TAMPA — A months-long conflict over planned pay raises has moved to a new phase with the Hillsborough Classroom Teachers Association declaring a bargaining impasse with the public school district.
The two sides, which began negotiations in late spring, have not been able to agree on a pay package for the current school year that affects 20,000 employees, most of them teachers.
The union wants about a third of its teachers to advance along a schedule that would raise their salaries by $4,000.
The district says it cannot afford this step, which would add between $15 million and $17 million to yearly payroll costs, and instead offered a total bonus package of $1.8 million.
The district also wants to renegotiate the pay plan, which was enacted in 2013. The plan, which came about during ambitious teaching reforms in partnership with the Bill & Melinda Gates Foundation, freezes pay for three years and then increases it in the fourth. Whether a teacher is due for the raise depends on when he or she entered the workforce.
The district says it is under pressure from the investment community to protect its reserves, and must hold the line on recurring expenses such as payroll. The union says money exists for the teacher raises, but the district is choosing to spend it elsewhere.
Both sides stressed Friday that negotiations can and will continue despite the new impasse status.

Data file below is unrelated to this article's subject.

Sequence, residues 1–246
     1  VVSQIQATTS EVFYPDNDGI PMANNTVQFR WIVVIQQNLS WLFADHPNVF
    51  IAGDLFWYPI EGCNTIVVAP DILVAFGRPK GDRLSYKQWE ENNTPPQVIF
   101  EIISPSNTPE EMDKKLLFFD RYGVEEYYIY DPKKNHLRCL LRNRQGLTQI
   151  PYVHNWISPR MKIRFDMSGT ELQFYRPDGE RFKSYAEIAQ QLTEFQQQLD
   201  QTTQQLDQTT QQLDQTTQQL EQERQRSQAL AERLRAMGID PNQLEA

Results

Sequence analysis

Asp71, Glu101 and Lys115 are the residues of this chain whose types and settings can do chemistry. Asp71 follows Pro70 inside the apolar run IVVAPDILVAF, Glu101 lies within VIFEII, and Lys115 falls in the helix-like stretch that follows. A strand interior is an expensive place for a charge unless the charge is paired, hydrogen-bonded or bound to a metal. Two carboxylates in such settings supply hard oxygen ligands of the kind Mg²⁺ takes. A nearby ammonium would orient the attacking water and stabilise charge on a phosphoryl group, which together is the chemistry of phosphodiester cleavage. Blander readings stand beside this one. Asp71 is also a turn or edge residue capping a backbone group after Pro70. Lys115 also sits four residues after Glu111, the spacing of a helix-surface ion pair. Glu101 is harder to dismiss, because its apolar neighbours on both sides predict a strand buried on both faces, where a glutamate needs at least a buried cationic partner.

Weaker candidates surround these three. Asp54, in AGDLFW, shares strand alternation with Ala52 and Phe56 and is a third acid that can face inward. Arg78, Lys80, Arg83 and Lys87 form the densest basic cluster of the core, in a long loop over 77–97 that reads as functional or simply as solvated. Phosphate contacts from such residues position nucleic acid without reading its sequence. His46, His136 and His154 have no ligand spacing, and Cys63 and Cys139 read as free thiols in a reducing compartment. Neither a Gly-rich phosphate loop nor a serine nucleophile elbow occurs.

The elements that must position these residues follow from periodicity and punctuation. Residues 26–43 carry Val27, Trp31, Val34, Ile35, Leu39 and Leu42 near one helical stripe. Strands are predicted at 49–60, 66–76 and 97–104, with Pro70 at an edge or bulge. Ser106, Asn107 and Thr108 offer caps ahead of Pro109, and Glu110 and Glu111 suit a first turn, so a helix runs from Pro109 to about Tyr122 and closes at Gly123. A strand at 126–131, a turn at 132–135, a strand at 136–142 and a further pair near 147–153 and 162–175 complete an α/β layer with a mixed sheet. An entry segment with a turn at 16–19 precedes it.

"We recognize this has been a challenging time during our bargaining sessions," said a statement from the district, delivered by spokeswoman Tanya Arja. "Union representatives have told us that this is about more than money and we have taken that seriously."
The statement continued: "We have already begun meeting and working with teachers through the union to address their concerns. That collaboration will not stop. We will continue to work with the union in an effort to arrive at an overall agreement."
Stephanie Baxter-Jenkins, executive director of the union, said it has been 25 years since an impasse was called in the Hillsborough school system. Next steps, which are likely to happen after the winter holidays, include selecting a special magistrate who will hold a hearing.
"They’re claiming they have no money, and they’re going to have to prove that," Baxter-Jenkins said. "We will have financial experts who have some alternate readings on that."
Most of the employees represented by the union are teachers, but the bargaining unit also includes clerical workers and teachers’ aides.
Slightly more than half are dues-paying members, but all are covered by the union contract. Under Florida law, they cannot strike.
News of the impasse caps nearly two months of teacher rallies, student walk-outs and a week-long "work-to-contract" action intended to show parents how much of a teacher’s work takes place after hours.
The union is asking its members to resume the cutbacks, but in a modified fashion, as many teachers are reluctant to skimp on activities that benefit their students.
"Where you can, work your contract," Baxter-Jenkins said. "Where you don’t feel comfortable, then be hashtagging (in other words, posting to social media) all you are doing beyond the contract."
Union leaders also are asking teachers to attend the next School Board meeting on Jan. 23 in large numbers, as they did for the last two meetings.
Contact Marlene Sokol at (813) 226-3356 or email@example.com. Follow @marlenesokol